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Rh gene

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posted on Jun, 13 2015 @ 03:39 PM
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a reply to: Temudjin

Not at all. There are many factors thst can alter gene expression.




posted on Jun, 13 2015 @ 04:41 PM
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a reply to: chr0naut

So lets say before the labs, how long does it take for a mutation to take over lets say a tribe of 100 people ?



posted on Jun, 13 2015 @ 06:46 PM
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a reply to: Temudjin

Im assuming youre referring to a beneficial mutation in this scenario so with that in mind, its a pretty variable number because if the group of people in question is 100 at point zero there is no guarantee that the group in question will maintain such a strict number. In fact, its highly improbable. But realistically youre still looking at dozens of generations at a minimum and because of the nature of mutations, there isnt a guarantee that the entire population will have that particular mutation. Again, this probability is highly unlikely. Even in ancient populations such as the Khoi-San people of Sub Saharan Africa, there is no universality in terms of every beneficial mutation. Obviously there are some traits that have taken over the population such as skin color, hair type and eye color but even these are not guaranteed to appear in every member of the population in every single generation. Otherwise traits like albinism would not appear due to recessive genes. In other areas of Africa where Malaria is prevalent, not all members of a given population will demonstrate the genes for sickle cell, in Europe and Asia we see a multitude of phenotypic presentations from eye, skin and hair color to height and body fat and skeletal frame. The larger the population, the longer it takes amd the less likely a trait is to over take a population. Its one reason rates of obesity due to sedentary lifestyles and poor diets in westernized countries, especially so in areas of the US. In short, there isnt really a fast and hard rule or ascribable time frame. We can see in tra sitionary periods from H. Heidelbergensis to H. Neanderthalensis thst body types prevalent in HN populations took nearly 100 KA
edit on 13-6-2015 by peter vlar because: (no reason given)



posted on Jun, 14 2015 @ 05:06 AM
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a reply to: peter vlar

Now lets say a dozen of humanoids shared a trait, and it was incestuous would it give rise to more genetic damage like overgrowth, albinos, blood diseases, etc. etc. and if that family mated with a better genetic sample ( naturewise ) would the diseases like size etc. pass thru?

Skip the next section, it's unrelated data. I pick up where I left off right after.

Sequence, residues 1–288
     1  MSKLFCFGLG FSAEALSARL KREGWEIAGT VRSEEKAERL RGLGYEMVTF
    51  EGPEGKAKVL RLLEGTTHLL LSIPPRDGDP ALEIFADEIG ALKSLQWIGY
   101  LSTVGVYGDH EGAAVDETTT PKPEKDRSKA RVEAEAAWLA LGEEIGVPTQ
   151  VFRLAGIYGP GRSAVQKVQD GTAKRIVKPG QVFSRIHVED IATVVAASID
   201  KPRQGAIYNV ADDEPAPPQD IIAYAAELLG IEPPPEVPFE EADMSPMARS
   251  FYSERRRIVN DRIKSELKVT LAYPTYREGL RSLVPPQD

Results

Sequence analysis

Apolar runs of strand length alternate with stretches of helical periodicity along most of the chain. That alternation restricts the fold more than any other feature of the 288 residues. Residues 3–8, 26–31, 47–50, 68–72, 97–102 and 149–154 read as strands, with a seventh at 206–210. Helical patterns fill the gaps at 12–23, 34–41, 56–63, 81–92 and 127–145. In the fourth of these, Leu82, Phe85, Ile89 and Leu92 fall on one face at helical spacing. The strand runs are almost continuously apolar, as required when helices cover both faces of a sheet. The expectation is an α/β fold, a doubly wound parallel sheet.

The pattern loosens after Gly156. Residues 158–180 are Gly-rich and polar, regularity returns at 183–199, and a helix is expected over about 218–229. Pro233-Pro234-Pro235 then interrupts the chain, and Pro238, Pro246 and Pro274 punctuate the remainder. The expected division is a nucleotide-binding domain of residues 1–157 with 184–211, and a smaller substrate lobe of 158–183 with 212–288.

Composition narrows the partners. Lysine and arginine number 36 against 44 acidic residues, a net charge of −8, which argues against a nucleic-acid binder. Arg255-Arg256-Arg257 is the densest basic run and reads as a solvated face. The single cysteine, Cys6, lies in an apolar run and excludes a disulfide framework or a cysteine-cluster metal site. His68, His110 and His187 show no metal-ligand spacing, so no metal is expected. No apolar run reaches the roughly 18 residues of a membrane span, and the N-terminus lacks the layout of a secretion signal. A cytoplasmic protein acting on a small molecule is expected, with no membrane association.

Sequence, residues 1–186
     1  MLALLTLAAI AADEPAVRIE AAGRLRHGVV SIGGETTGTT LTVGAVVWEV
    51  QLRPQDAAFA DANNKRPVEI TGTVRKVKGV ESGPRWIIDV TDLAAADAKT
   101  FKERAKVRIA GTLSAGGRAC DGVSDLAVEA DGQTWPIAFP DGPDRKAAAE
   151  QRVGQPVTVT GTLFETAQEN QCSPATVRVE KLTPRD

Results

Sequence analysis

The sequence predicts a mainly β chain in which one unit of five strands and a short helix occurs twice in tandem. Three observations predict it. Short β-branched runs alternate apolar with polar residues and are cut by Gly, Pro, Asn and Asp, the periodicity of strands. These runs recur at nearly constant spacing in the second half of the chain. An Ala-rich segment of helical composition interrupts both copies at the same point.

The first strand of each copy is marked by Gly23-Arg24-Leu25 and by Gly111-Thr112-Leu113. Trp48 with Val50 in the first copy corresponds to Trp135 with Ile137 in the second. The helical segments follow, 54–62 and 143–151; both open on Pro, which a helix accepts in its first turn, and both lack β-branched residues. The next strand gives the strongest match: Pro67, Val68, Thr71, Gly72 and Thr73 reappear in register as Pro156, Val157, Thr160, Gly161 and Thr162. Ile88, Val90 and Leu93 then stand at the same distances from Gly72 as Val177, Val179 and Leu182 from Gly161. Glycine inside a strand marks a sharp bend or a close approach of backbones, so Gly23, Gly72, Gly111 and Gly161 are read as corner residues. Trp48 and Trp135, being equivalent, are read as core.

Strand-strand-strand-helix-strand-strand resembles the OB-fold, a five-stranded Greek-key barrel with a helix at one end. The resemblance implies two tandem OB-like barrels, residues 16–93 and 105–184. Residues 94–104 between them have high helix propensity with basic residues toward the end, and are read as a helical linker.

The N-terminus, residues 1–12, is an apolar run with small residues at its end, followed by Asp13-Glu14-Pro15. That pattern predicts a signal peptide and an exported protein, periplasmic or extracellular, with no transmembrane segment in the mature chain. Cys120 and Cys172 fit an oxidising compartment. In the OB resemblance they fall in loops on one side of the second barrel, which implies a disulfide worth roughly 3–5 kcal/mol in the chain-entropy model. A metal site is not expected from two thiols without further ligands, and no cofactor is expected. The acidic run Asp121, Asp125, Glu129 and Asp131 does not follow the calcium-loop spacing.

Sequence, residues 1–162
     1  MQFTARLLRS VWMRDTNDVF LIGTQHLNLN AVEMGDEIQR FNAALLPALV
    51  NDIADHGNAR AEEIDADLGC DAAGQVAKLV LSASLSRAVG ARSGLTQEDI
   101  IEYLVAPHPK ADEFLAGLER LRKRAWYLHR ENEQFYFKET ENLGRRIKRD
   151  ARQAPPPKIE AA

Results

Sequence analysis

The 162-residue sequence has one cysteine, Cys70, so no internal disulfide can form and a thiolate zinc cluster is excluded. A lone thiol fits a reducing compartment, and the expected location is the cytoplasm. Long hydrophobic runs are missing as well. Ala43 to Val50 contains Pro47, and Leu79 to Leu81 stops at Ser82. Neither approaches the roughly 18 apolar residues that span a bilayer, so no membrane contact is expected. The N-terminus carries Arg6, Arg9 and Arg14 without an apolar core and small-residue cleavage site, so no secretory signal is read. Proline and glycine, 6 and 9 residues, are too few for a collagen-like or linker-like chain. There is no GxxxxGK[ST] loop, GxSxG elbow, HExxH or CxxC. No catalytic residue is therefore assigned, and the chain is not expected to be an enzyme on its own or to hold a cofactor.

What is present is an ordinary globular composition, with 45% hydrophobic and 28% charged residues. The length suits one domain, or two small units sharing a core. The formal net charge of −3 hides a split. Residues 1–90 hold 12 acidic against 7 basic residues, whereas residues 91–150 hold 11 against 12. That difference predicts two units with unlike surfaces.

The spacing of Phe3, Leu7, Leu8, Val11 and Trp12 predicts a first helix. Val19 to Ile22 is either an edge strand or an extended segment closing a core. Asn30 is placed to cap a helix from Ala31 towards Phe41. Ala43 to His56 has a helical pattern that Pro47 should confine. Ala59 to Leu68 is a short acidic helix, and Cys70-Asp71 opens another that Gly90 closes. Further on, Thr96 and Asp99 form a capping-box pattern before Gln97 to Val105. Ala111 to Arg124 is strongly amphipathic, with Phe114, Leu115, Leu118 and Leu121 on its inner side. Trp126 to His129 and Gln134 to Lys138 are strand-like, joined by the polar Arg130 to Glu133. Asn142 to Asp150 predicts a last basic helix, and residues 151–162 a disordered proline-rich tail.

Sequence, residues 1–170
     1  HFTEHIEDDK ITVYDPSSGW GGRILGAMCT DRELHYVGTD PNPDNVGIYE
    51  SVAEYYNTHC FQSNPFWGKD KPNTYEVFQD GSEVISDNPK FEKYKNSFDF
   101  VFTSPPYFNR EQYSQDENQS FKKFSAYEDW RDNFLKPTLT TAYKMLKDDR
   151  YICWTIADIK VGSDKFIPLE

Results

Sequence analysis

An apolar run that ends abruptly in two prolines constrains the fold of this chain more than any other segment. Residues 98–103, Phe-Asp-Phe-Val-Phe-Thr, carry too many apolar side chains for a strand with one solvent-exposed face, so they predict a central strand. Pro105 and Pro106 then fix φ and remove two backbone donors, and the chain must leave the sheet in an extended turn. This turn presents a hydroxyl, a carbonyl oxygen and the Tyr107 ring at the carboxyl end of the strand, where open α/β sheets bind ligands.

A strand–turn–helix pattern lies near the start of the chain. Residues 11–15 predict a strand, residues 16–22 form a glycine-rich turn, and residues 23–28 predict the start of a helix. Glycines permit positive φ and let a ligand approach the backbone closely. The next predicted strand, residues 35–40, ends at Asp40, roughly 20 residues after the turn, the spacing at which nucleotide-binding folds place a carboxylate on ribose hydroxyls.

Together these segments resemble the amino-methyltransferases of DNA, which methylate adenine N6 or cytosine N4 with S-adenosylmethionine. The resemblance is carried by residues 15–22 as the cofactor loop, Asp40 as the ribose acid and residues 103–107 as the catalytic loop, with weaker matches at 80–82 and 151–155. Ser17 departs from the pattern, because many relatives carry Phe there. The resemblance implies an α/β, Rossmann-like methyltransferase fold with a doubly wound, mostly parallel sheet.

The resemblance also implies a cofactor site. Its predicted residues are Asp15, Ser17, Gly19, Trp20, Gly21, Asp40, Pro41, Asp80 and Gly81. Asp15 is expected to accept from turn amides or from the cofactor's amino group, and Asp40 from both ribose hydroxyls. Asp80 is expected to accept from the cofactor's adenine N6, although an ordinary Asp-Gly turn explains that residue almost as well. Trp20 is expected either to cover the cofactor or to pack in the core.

posted on Jun, 14 2015 @ 11:33 AM
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a reply to: Temudjin

Inbreeding results in homozygosity, which can increase the chances of offspring being affected by recessive or deleterious traits. There is a recent example of this in Australia. By the 4th generation(great grand children of the original breeding pair of brother and sister) there were rampant homozygosity deformations rampant in the children. It doesn't take long for deleterious recessive alleles to present in a profound fashion.

www.independent.co.uk... r-generations-of-inbreeding-8998115.html

www.sciencedirect.com...


ETA: Apparently the first link is too long to display properly. If you quote this post you can then copy and paste it into your browser to view it.

edit on 14-6-2015 by peter vlar because: (no reason given)



posted on Jun, 14 2015 @ 02:07 PM
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originally posted by: Temudjin
a reply to: chr0naut

So lets say before the labs, how long does it take for a mutation to take over lets say a tribe of 100 people ?


How long is a piece of string?

Really, there are so many factors relating to the spread of a mutation through a group that it would be hard to put any definite figure on it. Also, one would expect the numbers of the group to change over time as well.

So, assuming the mutation is heritable and advantageous, the starting number is 100, the average generation is 40 years, the average number of children of a union is 3, the mutation expresses in all offspring, ignoring mortality issues such as disease and average age at death is 80 years: